- Emotive version: An innocent bystander suffered facial injuries when the thug launched his glass across the bar.
- Non-emotive version: Mrs Green's email expressed her disdainful opinion of my work.
- Emotive version: Mrs Green sent me a rant email that proved she wants me sacked
- Non-emotive version: Mr Jones attacked Mr Smith for two minutes.
- Emotive version: For what seemed a lifetime, Mr Smith was subjected to a vicious, cowardly assault by the unemployed, steroid-pumped monster.
Read more guidance on emotive language here .
Also avoid abusive language and make sure that nothing in your letter might anger the reader. Imagine you're writing it for a high court judge to read, and you want to impress him with your calmness and moderation in the face of adversity.
Stick to the point.
The point of the letter is to communicate enough detail about your complaint so as to allow your employer investigate it. No more, no less.
Stick to the facts you can prove.
Before you write this letter, you may have kept a journal of the bullying, along with evidence. If you have not, now is a good opportunity to get your head around the experience, write out a timeline and gather together what evidence you can to support your beliefs. Documents in support of workplace bullying are often work related documents. Gather as many relevant items as you can, as early as you can in the process.
An employer can investigate allegations if they are statements of fact or reasonably held belief, but not if they are unsupported statements of your opinion or judgments.
A statement of fact might be: "On 18th October at about 11:30, at the General Manager's desk in the main office, I told him that if my department's resourcing was cut back any further, we would no longer be able to perform to the required quality. I suggested that we would have to stop working on project B to finish Project A. He said: 'If you don't think you're up to the job, you can always leave and I'll do your job in my spare time'. It sounded like he thinks my job is easy and I am very inefficient at it. Two of my colleagues (X and Y) were standing next to him, and I know they respect his opinion, so I felt humiliated in front of them. I didn't know what to say, so I did not answer him, but I was very angry and upset inside. That evening I wrote an account in my journal, as well as how I was feeling."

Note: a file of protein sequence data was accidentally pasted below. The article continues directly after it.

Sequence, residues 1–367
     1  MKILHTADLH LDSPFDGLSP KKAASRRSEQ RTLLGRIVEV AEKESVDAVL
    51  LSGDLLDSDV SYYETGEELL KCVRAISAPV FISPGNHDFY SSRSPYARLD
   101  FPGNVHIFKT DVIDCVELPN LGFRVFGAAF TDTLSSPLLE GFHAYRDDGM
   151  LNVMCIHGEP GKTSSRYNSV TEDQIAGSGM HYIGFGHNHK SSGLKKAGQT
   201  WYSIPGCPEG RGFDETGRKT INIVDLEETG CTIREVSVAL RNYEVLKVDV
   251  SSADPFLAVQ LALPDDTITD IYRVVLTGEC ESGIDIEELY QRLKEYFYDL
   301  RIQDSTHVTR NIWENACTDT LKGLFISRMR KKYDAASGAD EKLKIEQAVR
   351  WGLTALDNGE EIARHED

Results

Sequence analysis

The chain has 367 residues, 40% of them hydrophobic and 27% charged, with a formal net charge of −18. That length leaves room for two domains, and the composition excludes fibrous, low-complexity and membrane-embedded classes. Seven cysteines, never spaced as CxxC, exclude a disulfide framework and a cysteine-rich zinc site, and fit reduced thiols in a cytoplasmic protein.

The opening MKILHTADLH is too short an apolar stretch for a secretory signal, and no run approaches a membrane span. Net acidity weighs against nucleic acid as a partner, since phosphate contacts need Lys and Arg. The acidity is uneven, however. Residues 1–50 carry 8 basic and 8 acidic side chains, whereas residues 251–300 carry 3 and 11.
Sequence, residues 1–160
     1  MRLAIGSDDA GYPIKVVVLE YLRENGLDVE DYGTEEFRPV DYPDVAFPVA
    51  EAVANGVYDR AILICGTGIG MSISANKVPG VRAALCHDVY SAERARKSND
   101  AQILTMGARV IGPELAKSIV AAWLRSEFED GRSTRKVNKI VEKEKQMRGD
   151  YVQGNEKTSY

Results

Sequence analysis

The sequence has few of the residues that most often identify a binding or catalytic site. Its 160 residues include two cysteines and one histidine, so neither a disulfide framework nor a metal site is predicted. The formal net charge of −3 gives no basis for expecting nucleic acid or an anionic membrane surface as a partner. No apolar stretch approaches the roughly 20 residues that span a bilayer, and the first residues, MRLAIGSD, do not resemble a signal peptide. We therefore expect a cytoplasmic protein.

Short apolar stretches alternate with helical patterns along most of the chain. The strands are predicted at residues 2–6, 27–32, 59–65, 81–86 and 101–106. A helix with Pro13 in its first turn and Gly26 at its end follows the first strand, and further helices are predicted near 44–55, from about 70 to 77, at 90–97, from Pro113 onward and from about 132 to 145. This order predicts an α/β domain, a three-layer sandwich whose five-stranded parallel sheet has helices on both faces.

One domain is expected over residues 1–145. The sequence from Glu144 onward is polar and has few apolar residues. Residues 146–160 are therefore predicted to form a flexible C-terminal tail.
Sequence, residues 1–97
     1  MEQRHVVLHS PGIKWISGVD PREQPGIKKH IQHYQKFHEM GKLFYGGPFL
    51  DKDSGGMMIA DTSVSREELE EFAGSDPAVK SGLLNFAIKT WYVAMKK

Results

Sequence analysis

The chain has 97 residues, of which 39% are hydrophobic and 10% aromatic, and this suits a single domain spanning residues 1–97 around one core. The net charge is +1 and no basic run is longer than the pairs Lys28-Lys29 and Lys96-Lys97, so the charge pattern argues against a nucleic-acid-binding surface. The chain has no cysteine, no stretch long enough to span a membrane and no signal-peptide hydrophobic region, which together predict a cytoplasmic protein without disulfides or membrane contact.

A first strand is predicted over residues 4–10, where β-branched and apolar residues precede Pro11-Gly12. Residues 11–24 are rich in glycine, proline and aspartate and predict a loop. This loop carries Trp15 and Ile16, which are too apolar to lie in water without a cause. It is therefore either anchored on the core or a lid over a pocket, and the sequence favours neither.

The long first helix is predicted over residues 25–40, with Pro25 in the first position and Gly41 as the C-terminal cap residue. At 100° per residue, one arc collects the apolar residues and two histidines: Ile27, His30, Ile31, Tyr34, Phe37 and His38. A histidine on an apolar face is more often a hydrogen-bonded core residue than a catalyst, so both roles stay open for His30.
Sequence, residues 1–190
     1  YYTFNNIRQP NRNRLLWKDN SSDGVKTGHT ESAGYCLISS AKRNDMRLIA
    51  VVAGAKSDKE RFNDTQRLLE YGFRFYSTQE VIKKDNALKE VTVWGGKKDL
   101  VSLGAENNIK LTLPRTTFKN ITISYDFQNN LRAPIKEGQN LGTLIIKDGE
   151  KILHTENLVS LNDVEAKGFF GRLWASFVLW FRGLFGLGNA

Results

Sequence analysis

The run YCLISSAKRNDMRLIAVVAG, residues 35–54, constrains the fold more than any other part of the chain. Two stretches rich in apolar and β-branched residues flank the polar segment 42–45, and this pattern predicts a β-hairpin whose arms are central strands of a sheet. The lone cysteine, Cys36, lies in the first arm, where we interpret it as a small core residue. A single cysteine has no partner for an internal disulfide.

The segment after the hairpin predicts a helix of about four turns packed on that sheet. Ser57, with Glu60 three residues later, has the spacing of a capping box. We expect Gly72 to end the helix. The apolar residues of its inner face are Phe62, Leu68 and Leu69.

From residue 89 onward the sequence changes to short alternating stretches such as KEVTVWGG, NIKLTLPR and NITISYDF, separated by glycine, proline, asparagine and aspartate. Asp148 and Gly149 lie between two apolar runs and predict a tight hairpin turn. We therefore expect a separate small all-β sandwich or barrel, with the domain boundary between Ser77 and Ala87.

An unsupported statement of opinion on the same incident might be: "Les is a mean bully who will not let me have the resources to do my job and he says he could do it in his spare time. He always undermines me in front of my colleagues."
The first statements have a chance of being verified, but the second has not. The unsupported statement of opinion could be judged as unqualified, whereas statements of verifiable fact cannot reasonably be said to be unfounded. Read this page for information on the law of defamation.
For each incident, you need to state what happened and include the date and time of each incident, the location, who was involved, what words were said, and the names of any witnesses. If there was more than once incident, write your account in chronological order. If you can't remember an exact date, you can say "about three days after I returned" etc. The more precise you are, the less chance there is of the accused person plausibly denying your allegation.
Tell them about your evidence
Tell your employer what evidence you have to prove your points. You can include copies of supporting documents with the letter as long as there aren't too many. If you have a ring binder full of information, it would be better to keep it and send a copy on request. Piles of documents can be hard for others to understand the way you want them to, and so it might be better to talk them through the evidence when you meet. Always keep the originals and only ever send copies. If you have some evidence that you are worried about disclosing, for example, an covertly-made audio recording, think very carefully and/or seek specialist advice about the possible consequences of disclosing or not disclosing it to your employer.
Summarise at the beginning
Once you have composed your letter, summarise the content in less than half a page, and put it on the front page.